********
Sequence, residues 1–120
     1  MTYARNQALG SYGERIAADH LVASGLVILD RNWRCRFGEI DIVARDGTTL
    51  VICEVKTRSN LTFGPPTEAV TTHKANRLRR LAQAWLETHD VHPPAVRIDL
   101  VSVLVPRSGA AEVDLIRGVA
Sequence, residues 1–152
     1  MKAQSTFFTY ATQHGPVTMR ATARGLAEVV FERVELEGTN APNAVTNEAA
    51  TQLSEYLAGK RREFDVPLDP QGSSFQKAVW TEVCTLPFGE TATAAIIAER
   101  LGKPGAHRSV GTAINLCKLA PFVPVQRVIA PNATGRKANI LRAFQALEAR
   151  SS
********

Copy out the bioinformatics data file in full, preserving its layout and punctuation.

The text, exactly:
Sequence, residues 1–120
     1  MTYARNQALG SYGERIAADH LVASGLVILD RNWRCRFGEI DIVARDGTTL
    51  VICEVKTRSN LTFGPPTEAV TTHKANRLRR LAQAWLETHD VHPPAVRIDL
   101  VSVLVPRSGA AEVDLIRGVA
Sequence, residues 1–152
     1  MKAQSTFFTY ATQHGPVTMR ATARGLAEVV FERVELEGTN APNAVTNEAA
    51  TQLSEYLAGK RREFDVPLDP QGSSFQKAVW TEVCTLPFGE TATAAIIAER
   101  LGKPGAHRSV GTAINLCKLA PFVPVQRVIA PNATGRKANI LRAFQALEAR
   151  SS